Sharing What I Do: Am I An Educational Narcissist?

No One Else Was In

As a mythology teacher, I love covering the story of Narcissist and Echo. I enjoy the reactions students have, the conversations it leads too, and the humor that the author brings in with the version we read in class. But as fabulous as that story may be, I want us to consider something through a new lens.  If we share what we are doing and all the things we know, are we narcissistic? Are we? No, we aren’t, but it is getting harder to convince ourselves of that in the current climate of social media.

The Room Where It Happened

We should share what we are doing, learning, and growing. We should. We need to do so. One blog post or graphic you create may help another teacher make the decision to stay in education and not give up on our noble profession. True story. One response in a Twitter chat could be what brings a smile or happy tear to another educator who needed to know that he or she isn’t alone. We no longer have to feel alone. Isolation is a choice. So why are so many educators afraid to publish, tweet, and or post? Because of the swarm of negative wasps out there ready to sting us and accuse us self promotion. Self aggrandizement. Narcissism. Of course, if we all bought it into this all of the time, there would not be any more conferences since nobody would want to present, but it does stop some from sharing their awesomeness, and that is sad. Our world needs more of the awesome and less of the awful.

The Room Where It Happened

In his post, Are You a Narcissist? Here’s Why You Should Think Twice Before You Answer , Justin Bariso (@JustinJBariso ) outlines some questions to have a close and trusted friend answer in order to know if you are a narcissist.  He explains that it isn’t easy to find out if we are narcissistic or not due to our own bias, but we can find out from a friend how we may rate on this scale. Below are the questions he suggests having a friend answer for those who really want to know. I suggest we take a look at these before we post or respond questioningly to other educators on social media. Consider your WHY before posting content or responding to tweets and posts:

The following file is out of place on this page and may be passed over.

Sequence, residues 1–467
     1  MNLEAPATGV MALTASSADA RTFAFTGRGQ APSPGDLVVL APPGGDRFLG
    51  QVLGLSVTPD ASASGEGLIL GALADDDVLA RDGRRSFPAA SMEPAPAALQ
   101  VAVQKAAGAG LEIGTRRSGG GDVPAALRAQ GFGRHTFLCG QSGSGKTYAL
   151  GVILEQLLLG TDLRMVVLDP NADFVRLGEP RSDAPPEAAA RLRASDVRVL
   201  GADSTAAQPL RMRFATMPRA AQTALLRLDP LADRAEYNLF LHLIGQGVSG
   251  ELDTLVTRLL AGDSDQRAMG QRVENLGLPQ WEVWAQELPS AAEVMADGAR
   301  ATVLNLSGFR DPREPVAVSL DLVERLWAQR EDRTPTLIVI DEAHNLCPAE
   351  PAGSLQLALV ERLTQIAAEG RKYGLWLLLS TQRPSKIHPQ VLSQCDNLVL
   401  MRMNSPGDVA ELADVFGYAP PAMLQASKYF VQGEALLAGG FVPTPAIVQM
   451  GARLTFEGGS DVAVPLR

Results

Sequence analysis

Do I at times come across as conceited, boastful, or pretentious?
Do I tend to monopolize conversations?
Do you get the feeling that I look down on people I perceive as inferior?
Would you say that I portray a sense of entitlement?
If I don’t receive special treatment, do I become impatient or angry?
Do I insist in having “the best” of everything?
Do I have trouble handling criticism?
Do I ever belittle others in an effort to appear superior?
Do I exaggerate my achievements and talents? (Or do I have an exaggerated sense of self-importance?)
Do I seem preoccupied with fantasies about success, power, brilliance, beauty, or the perfect mate?
Do I believe I’m superior to many others, and can only be understood by or associate with equally special people?
Do I expect special favors and unquestioning compliance with my expectations?
Do I take advantage of others to get what I want?
Do I have an inability or unwillingness to recognize the needs and feelings of others?
Am I envious of others and believing others envy me?

The Room Where It Happened

They key to knowing if someone is a narcissist or not largely depends on how well you know that person. Just following someone on social media in and of itself does not mean we know them, though it can lead to that. There are true narcissists out there. It is a real thing. What I feel we should do as responsible educators is to check the above questions as they apply to our whys for saying what we say, posting what we post, doing what we do, and before passing judgement on others. There is a lot of negativity in the world, and sometimes it feels like a large part of it is directed at schools, administrators, teachers, etc. Why then are we constantly on the lookout for ways we can also be negative toward each other, either toward people in our own buildings and district or online through social media?